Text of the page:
The incident came in the wake of media reports that Owens believes Romo and Witten meet privately, go out for milkshakes, play pinochle and draw up plays without including Owens.

Owens later issued a statement on his Web site, terrellowens.com, saying, “I love and respect Jason as a teammate and a friend. I think Jason understands this. I’m a sensitive man. I still cry when Rudolph gets banished to the Island of Misfit Toys, and I simply adore ‘Die Fledermaus.’ And this is the last performance of the season.

“I don’t know why Jason would do me this way.”

Beaten Army agrees to timetable for withdrawal from venerable Army-Navy Game

Army's punching-bag performance over the past seven Navy games have given Midshipmen loads to crow about.

Army's abysmal performance over the past seven Navy games has provided fun-loving Midshipmen plenty to guffaw about.

PHILADELPHIA – After succumbing meekly to another Navy blitzkrieg and suffering its seventh consecutive defeat to the hated Middies on Saturday afternoon, Army has announced that it has agreed to a 12-month timetable for withdrawing from the venerable service academy rivalry.

Army, which has lost the last seven outings by an average of 29 points and looked as hopeless as ever in Philadelphia on Saturday, says it will pull out of the series after the 110th and final edition is played Dec. 12, 2009, at Lincoln Financial Field in Philadelphia.

A blue-ribbon panel of current and former Army generals commissioned by the U.S. Military Academy, including Norman Schwarzkopf, Colin Powell and David Petraeus, concluded that the only dignified exit for the beleaguered Army team is to cease operations in the rivalry that dates to 1890.

“I know I’ve been an outspoken critic of premature withdrawal in the past,” Petraeus said late Saturday. “But when we assessed the situation and the mounting losses we’ve incurred, we came to one inescapable conclusion. Pouring more manpower and money into an ever-growing black hole is just … counterproductive. We’ve been caught in are a lot of storm clouds out there, and we don’t want to get hit by a lightning bolt.”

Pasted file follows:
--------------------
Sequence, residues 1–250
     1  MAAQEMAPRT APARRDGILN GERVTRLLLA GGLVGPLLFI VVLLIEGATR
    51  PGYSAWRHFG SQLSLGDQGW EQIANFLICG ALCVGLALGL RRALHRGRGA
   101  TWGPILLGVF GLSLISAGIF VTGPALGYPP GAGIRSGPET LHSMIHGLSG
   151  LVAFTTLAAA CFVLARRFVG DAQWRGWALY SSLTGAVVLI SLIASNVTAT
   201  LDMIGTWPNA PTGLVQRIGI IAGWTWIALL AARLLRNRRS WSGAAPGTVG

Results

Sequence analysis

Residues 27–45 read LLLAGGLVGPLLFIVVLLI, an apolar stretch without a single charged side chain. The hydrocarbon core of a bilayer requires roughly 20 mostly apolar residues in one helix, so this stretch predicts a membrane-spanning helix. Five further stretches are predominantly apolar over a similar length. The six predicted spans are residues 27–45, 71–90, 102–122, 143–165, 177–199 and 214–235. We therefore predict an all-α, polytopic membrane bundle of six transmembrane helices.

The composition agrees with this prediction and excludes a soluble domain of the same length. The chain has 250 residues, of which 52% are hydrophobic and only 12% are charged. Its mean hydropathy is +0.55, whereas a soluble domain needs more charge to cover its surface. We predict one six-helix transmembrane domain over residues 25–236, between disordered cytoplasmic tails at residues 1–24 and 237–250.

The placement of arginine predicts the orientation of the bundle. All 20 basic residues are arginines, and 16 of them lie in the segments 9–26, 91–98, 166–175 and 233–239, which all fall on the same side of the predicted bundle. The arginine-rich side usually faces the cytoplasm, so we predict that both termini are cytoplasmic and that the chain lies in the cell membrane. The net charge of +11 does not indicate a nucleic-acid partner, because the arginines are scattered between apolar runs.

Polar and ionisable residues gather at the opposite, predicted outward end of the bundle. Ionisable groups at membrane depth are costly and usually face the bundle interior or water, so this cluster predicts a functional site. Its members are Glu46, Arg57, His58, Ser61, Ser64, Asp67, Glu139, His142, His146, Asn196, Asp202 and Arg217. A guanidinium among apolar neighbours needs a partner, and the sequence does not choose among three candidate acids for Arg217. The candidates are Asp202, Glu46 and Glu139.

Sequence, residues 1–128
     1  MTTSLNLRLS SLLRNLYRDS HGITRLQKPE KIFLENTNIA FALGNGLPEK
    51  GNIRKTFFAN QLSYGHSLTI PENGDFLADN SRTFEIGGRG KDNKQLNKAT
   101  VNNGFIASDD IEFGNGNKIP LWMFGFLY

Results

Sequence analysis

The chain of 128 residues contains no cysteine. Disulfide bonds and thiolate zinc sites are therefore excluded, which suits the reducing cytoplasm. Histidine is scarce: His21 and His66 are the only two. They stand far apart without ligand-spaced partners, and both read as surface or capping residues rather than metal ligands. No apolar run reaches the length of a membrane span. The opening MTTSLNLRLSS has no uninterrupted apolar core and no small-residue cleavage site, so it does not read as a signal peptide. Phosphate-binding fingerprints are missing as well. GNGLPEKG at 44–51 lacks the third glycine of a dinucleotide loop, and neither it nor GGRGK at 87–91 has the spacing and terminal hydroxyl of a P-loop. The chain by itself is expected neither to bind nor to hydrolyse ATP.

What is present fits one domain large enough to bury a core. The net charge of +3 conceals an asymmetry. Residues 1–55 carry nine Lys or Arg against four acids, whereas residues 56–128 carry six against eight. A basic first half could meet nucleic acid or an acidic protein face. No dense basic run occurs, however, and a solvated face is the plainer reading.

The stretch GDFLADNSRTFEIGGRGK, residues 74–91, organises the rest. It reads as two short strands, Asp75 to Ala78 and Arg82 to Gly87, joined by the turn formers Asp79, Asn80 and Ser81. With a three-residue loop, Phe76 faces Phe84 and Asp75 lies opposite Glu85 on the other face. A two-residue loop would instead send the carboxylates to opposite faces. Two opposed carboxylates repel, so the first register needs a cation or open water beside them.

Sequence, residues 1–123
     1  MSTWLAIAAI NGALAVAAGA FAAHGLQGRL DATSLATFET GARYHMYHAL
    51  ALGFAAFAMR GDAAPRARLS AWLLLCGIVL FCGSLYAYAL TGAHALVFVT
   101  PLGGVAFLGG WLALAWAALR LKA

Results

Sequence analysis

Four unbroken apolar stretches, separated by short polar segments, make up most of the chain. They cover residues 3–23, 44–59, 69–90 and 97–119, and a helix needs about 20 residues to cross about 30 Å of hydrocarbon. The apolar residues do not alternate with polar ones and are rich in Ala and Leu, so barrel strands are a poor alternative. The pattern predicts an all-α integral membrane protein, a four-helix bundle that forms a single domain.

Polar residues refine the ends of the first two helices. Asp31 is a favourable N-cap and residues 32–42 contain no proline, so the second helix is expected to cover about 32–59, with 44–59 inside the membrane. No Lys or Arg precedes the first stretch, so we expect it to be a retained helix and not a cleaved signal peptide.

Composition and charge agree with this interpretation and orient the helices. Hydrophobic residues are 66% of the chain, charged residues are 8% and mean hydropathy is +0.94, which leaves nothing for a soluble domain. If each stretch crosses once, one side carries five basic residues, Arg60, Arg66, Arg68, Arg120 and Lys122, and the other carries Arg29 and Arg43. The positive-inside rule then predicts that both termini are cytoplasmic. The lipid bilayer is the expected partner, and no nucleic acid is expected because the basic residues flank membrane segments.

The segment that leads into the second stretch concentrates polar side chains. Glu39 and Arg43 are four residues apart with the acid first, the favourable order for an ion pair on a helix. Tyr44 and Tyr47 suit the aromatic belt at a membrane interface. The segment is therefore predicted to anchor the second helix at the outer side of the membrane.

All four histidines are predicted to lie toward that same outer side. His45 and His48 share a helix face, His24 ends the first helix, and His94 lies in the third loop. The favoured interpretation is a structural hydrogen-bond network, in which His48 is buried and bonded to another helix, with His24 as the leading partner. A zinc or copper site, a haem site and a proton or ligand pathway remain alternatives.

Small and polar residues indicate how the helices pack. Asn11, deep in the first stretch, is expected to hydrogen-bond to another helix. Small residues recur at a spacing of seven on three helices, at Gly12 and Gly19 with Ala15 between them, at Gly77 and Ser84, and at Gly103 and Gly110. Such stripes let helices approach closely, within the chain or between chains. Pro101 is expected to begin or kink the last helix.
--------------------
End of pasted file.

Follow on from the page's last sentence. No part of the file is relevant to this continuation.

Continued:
Thus will end the nation’s most treasured college football rivalry, which began with a 24-0 Cadets victory in West Point way back back in the 19th century. The series has produced enduring legends like Army’s Doc Blanchard and Glenn Davis, aka Mr. Inside and Mr. Outside, and Navy’s Roger Staubach.

Navy’s seven-game win streak marks the most lopsided period in the storied rivalry. The margin of victory has been in double-digits every time, with the closest being Army’s 26-14 loss in 2006. Army fashioned an 8-0-2 run between 1922 and 1933, but those games were much more competitive, with the Black Knights’ average margin of victory being 8.8 points.

The 74-year-old Schwarzkopf said he was “heartbroken” to see the demise of the Army-Navy Game, but that there was little else that could be done.

“Did you see the way they kicked our tails all over the field today?” said Schwarzkopf, who led U.S. forces in the first Gulf War. “It was (bleeping) pathetic. Running the ball up the middle when we’re down three touchdowns in the fourth(-bleeping) quarter? It’s (bleeper-bleeping) heartbreaking. Seeing those (bleeper-bleeping) Bluejackets own our asses, makes an old soldier want to break down and cry.”

With Navy’s 34-0 whitewashing Saturday, the first shutout in the game since 1978, the Midshipmen lead the series 53 wins to 49. There have been seven ties.